Highlighted Articles - Atherosclerosis November 2015 issue
17 November 2015
Volume 243 Issue 1 November 2015
By Elvira Mambetisaeva, Sarah Leigh and Steve Humphries (Editor–in-Chief)
Kitagawa et al examined the role of epicardial adipose tissue (EAT) in the development of coronary artery disease (CAD). They performed computed tomography in 45 patients prior to cardiac surgery, to assess: visceral adipose tissue area, EAT volume, coronary calcium scores and the presence of non-calcified coronary plaque (NCP) on CT angiography as well as assessing inflammation and neoangiogenesis. Their results show a significant association of EAT inflammation and neovascularization with the presence of moderate coronary calcification and the presence of NCPs. In his invited commentary Paolo Raggi pointed that the novelty of this article is in the description of an association between inflammation and neovascularisation in the adipose tissue contained in the pericardial sac. Although this research has its limitations, Paolo Raggi is certain that the paper by Kitagawa et al contributes to further our understanding of atherogenesis and the connection between EAT and CAD.
The potential mechanisms underlying the incidence of cardiac events in chronic methamphetamine (METH) users are investigated by Gao et al using an ApoE-/- mouse model. They found that in this situation METH promoted atherogenesis, increased plasma, aortic and myocardial neuropeptide Y expression and also that inflammation and reactive oxygen species production were increased in the mouse macrophages in vitro. The discussion paper “Speed kills in more ways than one: Methamphetamine and atherosclerosis” by Rye et al, while commending this study, also warns that this mouse model may not fully represent what is happening in humans in light of the observation that the appetites of METH treated mice was enhanced and not diminished. However, they feel that Gao et al’s study should stimulate investigation of the atherosclerotic burden in chronic METH users.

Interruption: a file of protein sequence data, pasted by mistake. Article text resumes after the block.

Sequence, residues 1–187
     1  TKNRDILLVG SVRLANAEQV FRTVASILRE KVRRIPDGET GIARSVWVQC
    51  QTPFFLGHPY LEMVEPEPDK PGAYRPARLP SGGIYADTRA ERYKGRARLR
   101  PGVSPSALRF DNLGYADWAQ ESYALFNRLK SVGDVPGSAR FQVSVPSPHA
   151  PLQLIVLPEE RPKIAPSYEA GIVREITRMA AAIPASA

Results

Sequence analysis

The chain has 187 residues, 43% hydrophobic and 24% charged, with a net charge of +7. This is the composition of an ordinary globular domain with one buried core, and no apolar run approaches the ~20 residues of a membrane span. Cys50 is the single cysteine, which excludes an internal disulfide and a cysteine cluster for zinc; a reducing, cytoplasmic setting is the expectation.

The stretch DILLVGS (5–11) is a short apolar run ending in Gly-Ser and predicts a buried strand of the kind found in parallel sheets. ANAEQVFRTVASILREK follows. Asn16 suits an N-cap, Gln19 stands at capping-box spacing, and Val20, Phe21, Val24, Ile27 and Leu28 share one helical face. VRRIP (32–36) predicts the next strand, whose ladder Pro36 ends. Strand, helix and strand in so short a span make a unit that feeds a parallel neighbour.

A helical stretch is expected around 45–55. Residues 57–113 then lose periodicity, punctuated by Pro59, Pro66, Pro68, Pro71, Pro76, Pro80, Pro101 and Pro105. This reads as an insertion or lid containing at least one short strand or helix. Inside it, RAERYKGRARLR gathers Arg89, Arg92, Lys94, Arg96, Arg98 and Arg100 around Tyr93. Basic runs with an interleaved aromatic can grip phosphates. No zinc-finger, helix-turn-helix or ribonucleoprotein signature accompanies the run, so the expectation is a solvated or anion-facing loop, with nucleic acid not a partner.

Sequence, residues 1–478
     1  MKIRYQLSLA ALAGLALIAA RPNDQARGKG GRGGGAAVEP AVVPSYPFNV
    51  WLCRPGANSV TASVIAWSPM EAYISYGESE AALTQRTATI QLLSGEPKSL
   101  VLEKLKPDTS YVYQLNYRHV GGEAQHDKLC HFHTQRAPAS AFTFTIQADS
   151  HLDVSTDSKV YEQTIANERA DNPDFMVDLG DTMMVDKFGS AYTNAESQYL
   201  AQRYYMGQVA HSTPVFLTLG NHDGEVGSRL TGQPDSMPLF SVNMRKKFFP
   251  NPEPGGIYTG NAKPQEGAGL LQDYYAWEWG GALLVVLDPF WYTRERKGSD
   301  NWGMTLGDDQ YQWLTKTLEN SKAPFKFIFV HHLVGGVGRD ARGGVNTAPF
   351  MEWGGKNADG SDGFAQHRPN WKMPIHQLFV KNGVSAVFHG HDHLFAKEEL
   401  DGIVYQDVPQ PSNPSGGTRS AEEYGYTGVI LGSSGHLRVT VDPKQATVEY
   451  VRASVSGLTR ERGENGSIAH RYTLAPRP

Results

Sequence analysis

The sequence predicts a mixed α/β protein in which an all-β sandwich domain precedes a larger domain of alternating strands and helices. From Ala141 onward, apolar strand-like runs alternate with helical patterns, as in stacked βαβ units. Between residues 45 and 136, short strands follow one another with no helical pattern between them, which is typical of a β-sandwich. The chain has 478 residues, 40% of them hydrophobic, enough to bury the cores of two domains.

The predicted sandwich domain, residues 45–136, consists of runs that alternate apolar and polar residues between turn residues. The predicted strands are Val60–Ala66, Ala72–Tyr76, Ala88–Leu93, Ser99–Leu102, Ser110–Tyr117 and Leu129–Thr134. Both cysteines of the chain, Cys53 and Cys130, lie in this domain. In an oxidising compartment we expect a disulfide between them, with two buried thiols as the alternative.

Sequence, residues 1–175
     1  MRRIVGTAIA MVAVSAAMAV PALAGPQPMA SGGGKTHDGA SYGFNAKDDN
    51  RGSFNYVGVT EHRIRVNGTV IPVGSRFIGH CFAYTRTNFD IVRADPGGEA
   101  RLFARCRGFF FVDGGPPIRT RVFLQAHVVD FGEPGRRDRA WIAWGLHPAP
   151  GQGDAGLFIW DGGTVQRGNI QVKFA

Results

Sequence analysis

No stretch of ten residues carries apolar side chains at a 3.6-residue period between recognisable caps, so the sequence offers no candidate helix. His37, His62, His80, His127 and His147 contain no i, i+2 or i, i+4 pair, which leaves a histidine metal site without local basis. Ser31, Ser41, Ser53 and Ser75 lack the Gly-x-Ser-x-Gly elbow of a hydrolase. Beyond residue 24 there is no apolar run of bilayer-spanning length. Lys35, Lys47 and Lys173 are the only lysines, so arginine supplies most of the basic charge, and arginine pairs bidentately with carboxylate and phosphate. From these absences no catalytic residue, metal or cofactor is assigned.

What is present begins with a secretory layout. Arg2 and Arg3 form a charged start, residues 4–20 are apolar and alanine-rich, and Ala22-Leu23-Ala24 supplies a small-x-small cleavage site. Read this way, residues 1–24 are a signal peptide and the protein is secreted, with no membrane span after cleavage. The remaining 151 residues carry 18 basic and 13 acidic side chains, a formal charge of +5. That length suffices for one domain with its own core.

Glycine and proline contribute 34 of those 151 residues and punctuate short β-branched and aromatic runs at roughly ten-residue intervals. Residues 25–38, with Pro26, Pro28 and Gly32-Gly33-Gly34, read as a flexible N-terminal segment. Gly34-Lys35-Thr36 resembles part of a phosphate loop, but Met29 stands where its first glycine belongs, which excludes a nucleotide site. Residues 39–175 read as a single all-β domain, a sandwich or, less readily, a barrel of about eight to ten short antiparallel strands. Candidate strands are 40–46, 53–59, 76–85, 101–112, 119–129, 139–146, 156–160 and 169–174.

A systematic review and meta-analysis of epidemiological studies was performed by Barkas et al in order to establish whether individuals with familial hypercholesterolemia (FH) had an increased incidence of cerebrovascular disease (ischemic stroke or transient ischemic attack). The main conclusion of this study was that patients with FH were at higher risk of cerebrovascular disease in the pre-statin era and that this risk was significantly reduced after the introduction of statin therapy.
Boesen et al conducted a systematic literature review to determine the reported effects of carotid atherosclerosis on local vessel wall elasticity and stiffness, using measures derived from ultrasound and magnetic resonance imaging. Analysis of the 50 studies that assessed some measure of carotid arterial elasticity or stiffness in patients with carotid plaque shows that regardless of which metric was used for carotid elasticity; decreased carotid elasticity (or increased carotid stiffness) is associated with the presence of atherosclerotic plaque, the degree of atherosclerosis and stroke risk.
Papers in this issue include: